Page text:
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Friday, January 16, 2015

City developers don't need MoEF's approval

State Authority Will Now Give Environment Clearances
Developers of big building projects will no longer have to go to New Delhi for environmental clearances (EC). In a notification issued late last month, the ministry of environment and forests (MoEF) has said all general conditions of the Environment Notification 2006 will not apply for all constructions above two lakh sq feet.

The general conditions of the Environment Impact Assessment Notification 2006 applied to areas classified as ecosensitive areas, critically polluted areas, inter-state boundaries and international boundaries.

Eco-sensitive areas are a buffer zone spread 10 km around national parks, wildlife sanctuaries and protected areas. For instance, the Sanjay Gandhi National Park is a protected area and on December 3, the MoEF issued a notification that all proposed projects within a 10 km radius of such areas will need the National Wildlife Board's nod. Sources said now even for the wildlife board's clearance, developers will not have to go to Delhi. Instead, project proposals have to be submitted to the State Environment Appraisal Committee-2 (SEAC-2) that scrutinises all projects in the Mumbai Metropolitan Region. If it feels a clearance from the NWLB is necessary , it will forward the same to the Board. It will then be sent to the State Environment Impact Assessment Authority . The notification is a relief for projects in Dahisar, Borivli, Kandivli, Malad, Gore gaon, Bhandup, Mulund and Thane. The notification exempted schools, colleges, hostels for educational purposes and industrial sheds from seeking an EC even from the state authority .

However, the MoEF is yet to re-constitute SEAC-2. The previous committee's tenure ended in June. "In the absence of SEAC-2, all projects need to be submitted to the MoEF . So it will be sometime before the effects are seen here," sources said.


Wednesday, January 14, 2015

Will proposed TDR rules hamper redevelopment?

Mumbai: Upcoming realty projects will become more expensive if the Maharashtra government passes a proposal to change the rules about usage of Transfer of Development Right (TDR). Besides, the government's decision will adversely impact the redevelopment of 89,000 old and dilapidated buildings in Mumbai.

The Devendra Fadnavis government proposes to link the usage of the Transfer of Development Right (TDR) to the width of the roads adjoining to the project.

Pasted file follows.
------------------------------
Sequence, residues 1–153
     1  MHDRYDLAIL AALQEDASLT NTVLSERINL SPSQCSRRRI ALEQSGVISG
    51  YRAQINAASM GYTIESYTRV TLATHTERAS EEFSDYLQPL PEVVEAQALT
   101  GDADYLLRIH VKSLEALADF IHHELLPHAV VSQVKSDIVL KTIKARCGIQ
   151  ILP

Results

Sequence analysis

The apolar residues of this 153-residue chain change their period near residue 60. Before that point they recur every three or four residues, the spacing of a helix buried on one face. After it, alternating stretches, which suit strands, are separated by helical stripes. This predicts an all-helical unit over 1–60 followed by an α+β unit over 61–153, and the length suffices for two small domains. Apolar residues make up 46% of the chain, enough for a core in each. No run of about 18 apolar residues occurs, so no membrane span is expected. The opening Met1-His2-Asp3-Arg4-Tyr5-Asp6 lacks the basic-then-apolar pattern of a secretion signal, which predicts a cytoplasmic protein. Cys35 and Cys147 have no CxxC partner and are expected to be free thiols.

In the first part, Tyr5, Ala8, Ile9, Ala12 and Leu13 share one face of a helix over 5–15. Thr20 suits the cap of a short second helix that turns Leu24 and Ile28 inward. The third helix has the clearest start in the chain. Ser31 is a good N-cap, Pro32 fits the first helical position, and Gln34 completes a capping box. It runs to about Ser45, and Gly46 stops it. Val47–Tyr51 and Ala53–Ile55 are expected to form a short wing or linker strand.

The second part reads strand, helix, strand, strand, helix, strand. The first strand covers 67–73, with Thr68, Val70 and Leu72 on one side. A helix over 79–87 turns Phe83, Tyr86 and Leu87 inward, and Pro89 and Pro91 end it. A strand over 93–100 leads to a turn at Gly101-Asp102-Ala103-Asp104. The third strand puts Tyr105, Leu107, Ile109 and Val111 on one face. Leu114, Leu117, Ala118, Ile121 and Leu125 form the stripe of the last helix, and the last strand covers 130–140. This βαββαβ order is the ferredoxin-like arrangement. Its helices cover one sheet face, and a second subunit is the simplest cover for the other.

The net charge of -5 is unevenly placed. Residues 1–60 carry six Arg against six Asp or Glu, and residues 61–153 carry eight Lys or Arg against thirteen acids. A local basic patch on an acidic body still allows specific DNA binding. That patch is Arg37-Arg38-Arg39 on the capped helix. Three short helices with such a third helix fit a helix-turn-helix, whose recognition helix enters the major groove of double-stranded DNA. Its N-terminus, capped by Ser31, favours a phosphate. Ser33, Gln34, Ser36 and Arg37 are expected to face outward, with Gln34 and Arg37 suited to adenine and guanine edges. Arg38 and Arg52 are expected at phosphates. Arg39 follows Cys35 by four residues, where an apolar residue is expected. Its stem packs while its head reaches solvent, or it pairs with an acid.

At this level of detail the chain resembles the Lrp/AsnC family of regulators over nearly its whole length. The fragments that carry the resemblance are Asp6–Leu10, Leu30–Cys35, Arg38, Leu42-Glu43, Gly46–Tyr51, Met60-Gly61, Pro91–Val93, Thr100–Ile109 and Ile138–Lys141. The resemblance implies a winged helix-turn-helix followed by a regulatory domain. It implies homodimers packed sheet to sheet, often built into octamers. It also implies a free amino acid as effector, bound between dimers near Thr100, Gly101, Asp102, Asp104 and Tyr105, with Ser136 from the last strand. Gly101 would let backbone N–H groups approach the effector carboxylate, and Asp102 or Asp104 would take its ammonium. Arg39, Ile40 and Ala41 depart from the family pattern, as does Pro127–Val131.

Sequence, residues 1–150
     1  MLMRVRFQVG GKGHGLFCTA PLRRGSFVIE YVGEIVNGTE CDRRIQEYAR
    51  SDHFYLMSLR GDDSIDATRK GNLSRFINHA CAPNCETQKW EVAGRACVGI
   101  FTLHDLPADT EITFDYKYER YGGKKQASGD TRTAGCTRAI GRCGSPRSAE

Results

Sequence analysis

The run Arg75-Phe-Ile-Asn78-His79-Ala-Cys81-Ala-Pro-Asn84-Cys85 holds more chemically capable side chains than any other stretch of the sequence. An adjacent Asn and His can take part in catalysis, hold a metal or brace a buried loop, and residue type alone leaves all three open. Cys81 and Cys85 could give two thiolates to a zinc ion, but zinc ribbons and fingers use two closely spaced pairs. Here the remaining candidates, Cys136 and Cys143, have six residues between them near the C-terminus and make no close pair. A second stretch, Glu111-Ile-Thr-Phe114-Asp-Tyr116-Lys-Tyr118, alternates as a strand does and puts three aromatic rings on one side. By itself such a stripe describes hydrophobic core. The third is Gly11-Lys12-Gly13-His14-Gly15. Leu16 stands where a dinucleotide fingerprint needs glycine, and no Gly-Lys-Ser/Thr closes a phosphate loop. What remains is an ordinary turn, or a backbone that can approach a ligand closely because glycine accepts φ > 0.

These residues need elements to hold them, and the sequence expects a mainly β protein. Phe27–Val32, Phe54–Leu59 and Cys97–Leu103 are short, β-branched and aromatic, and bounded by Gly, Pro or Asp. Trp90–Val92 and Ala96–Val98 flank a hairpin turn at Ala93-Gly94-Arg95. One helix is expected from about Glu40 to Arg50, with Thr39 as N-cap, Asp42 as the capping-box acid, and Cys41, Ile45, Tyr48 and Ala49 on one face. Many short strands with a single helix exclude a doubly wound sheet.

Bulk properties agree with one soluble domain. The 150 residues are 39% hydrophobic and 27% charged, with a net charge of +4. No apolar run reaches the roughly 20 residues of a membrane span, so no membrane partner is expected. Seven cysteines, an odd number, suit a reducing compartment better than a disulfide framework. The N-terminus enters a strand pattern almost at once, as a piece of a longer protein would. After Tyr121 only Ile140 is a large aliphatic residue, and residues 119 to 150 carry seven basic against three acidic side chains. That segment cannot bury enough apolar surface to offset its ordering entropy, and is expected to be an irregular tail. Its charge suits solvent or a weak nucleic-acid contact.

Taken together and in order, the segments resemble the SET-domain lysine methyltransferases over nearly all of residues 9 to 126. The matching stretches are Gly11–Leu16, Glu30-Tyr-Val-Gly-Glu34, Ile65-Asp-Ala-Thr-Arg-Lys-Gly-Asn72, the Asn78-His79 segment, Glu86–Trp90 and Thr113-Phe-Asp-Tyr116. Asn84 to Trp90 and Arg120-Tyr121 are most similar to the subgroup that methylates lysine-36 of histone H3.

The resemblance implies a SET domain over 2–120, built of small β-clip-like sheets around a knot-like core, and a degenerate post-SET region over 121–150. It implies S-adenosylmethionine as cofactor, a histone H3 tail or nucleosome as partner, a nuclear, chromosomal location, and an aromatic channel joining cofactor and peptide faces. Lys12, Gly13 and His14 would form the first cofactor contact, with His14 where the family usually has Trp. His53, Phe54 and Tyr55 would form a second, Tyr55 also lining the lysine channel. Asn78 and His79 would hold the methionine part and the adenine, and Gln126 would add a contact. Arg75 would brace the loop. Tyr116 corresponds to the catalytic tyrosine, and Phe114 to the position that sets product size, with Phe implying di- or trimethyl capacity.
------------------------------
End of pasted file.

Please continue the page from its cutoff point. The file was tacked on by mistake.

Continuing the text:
According to the state government's draft circular, the developers will not be able to use TDR in projects which are next to a road narrower than 9 metres. Interestingly, in Mumbai, 80% roads are narrower than 9m. Only a few roads are wider than 30m, including SV Road and Link Road.

TDR is virtual space, given in lieu of reserved space, by the state government. A plot-owner gets TDR if his plot is reserved for a specific purpose (like a school or a playground) and cannot be built upon. In exchange for giving up that land, the plot-owner gets virtual space (TDR) which he can sell in the open market.

Developers buy TDR to add more floors to their buildings. A week ago, TDR was sold at Rs3,500 per sq ft, and the rate has now shot up to Rs5,000 per sq ft. It is because of the linking of the TDR to the width of the road.

"Developers are in a hurry to buy the TDR and complete the projects before this new uniform TDR policy comes into force. The TDR lobby has increased rates and is making money over this circular," said Sunil Mantri, president of NAREDCO, the developers' umbrella body.

At present, the developers are allowed to use one TDR irrespective of the width of the roads.

The government's draft circular, however, says, "Now, higher the width of the road, more the TDR to be used by the developers along with the available floor space index (FSI) of 1 for his project. If the road width is between 12m to 18m, then 0.75 TDR will be used. For the road width between 18m to 24m, one TDR will be uploaded. For road width between 24m-to-30m, 1.25 TDR can be uploaded. If the road width is more than 30m, the developer can use 1.50 TDR."